Residents walk on a lane painted with instructions to separate those using their phones as they walk from others in southwest China’s Chongqing Municipality Image Credit: AP

Beijing: Taking a cue from an American TV programme, the Chinese city of Chongqing has created a smartphone sidewalk lane, seemingly offering a path for those too engrossed in messaging and tweeting to watch where they’re going.

But the property manager says it’s intended to be ironic — to remind people that it’s dangerous to tweet while walking the street.

“There are lots of elderly people and children in our street, and walking with your cellphone may cause unnecessary collisions here,” said Nong Cheng, the marketing official with Meixin Group, which manages the area in the city’s entertainment zone.

Meixin has marked a 50-metre stretch of pavement with two lanes: one that prohibits cellphone use next to one that allows pedestrians to use them — at their “own risk.”

Nong said the idea came from a similar stretch of pavement in Washington D.C. created by National Geographic Television in July as part of a behaviour experiment.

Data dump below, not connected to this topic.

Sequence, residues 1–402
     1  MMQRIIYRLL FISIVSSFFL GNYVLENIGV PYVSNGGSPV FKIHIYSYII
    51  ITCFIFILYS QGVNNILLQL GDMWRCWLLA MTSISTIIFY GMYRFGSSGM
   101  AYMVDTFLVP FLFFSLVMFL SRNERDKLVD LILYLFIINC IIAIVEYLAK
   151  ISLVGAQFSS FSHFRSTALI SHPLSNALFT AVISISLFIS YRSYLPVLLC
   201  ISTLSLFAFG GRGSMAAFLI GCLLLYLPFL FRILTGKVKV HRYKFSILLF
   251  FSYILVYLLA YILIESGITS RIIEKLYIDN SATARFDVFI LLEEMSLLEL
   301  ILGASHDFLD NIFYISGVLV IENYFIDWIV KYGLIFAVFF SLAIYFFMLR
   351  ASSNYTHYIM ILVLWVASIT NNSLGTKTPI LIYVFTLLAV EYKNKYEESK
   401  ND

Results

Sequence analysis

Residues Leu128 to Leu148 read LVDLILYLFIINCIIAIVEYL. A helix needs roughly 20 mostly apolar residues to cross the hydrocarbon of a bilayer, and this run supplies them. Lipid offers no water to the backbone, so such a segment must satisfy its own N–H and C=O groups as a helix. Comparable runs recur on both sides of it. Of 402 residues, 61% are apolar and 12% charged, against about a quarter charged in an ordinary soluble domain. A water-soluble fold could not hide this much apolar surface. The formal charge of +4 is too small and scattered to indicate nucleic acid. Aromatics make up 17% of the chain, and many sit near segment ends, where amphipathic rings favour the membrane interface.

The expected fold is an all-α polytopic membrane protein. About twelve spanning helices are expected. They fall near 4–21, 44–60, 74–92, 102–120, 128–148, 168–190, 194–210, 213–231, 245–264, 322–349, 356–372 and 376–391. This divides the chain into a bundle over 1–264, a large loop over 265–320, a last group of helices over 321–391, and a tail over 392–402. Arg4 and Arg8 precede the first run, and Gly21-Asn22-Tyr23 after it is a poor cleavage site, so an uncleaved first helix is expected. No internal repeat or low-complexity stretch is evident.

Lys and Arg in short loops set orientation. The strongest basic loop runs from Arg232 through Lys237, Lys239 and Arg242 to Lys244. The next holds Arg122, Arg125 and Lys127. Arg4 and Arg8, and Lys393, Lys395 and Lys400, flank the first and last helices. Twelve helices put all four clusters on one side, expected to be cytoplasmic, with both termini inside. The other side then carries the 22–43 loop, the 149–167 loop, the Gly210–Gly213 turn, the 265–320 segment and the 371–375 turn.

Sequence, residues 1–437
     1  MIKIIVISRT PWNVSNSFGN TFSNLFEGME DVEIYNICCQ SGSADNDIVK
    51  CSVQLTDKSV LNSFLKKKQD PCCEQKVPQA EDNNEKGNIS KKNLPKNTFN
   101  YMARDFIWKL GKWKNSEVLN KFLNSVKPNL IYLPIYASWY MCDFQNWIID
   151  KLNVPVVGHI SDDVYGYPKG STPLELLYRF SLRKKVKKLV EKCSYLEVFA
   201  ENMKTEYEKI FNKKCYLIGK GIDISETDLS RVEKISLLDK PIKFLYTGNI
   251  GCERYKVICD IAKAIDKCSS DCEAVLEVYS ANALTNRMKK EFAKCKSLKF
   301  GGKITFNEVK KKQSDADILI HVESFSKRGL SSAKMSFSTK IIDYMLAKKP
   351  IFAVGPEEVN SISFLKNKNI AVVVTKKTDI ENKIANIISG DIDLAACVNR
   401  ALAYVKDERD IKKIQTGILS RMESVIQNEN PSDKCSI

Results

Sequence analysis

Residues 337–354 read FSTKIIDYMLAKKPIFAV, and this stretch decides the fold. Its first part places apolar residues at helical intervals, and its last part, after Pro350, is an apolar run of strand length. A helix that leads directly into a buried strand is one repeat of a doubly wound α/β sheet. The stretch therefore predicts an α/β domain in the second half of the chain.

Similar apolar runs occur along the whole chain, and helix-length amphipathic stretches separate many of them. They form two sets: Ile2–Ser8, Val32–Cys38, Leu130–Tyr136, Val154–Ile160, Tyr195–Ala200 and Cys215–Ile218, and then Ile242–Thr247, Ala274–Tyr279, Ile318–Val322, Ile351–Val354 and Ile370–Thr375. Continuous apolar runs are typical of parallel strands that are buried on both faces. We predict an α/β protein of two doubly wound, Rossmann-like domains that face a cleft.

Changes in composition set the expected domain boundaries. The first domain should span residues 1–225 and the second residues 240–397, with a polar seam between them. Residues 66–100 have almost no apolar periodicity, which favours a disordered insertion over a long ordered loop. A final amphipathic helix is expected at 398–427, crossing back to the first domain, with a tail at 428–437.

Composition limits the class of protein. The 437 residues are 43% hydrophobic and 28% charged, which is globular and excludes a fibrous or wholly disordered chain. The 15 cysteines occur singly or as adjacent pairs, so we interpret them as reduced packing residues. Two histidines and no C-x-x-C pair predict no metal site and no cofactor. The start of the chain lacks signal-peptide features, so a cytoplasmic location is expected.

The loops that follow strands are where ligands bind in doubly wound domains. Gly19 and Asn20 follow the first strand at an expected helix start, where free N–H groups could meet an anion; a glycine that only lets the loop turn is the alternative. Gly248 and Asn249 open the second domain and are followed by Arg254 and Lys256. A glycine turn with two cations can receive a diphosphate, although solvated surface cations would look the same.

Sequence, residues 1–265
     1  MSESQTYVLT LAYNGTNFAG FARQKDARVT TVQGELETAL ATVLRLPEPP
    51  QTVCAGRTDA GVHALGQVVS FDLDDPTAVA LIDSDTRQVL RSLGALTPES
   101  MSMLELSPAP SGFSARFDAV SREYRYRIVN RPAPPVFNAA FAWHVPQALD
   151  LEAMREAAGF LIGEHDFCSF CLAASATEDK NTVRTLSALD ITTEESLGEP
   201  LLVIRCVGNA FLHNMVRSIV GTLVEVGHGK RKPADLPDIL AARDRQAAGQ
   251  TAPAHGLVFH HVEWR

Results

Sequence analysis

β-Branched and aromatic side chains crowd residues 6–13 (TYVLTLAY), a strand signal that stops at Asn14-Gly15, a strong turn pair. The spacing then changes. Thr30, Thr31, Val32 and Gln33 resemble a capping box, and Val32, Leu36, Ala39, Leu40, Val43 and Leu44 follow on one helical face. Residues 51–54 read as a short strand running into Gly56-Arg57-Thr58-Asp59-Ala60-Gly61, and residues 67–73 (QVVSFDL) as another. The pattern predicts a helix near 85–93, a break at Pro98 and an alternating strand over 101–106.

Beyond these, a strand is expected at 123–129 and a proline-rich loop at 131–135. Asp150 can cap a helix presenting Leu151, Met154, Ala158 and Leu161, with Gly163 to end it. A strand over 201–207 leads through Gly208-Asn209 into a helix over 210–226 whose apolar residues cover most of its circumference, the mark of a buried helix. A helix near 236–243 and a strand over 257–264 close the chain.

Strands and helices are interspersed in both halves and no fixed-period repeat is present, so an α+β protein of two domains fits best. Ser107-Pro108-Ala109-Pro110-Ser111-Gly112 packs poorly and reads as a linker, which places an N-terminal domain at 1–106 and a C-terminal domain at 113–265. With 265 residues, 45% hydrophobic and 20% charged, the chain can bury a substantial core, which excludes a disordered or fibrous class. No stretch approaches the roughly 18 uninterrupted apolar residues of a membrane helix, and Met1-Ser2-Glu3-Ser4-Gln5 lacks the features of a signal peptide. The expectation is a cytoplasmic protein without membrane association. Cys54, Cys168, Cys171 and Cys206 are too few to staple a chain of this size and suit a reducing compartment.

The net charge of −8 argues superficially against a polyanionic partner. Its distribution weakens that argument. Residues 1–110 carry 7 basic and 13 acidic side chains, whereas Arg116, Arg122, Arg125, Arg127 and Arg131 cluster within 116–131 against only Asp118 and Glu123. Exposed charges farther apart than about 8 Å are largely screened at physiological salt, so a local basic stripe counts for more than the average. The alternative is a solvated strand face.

She said that pedestrians were not taking the new lanes seriously, but that many were snapping pictures of the signs and sidewalk.

“Those using their cellphones, of course, have not heeded the markings on the pavement,” she said. “They don’t notice them.”

A sign claims it is the first such lane in China, but it is believed to be the first permanent one in the world.

There is a thick white line separating it from the rest of the walkway, and arrows painted on the ground to act as guides for those distracted by their screens.

A similar project was set up in Washington DC in July, but it was just a temporary publicity stunt.

— With inputs from agencies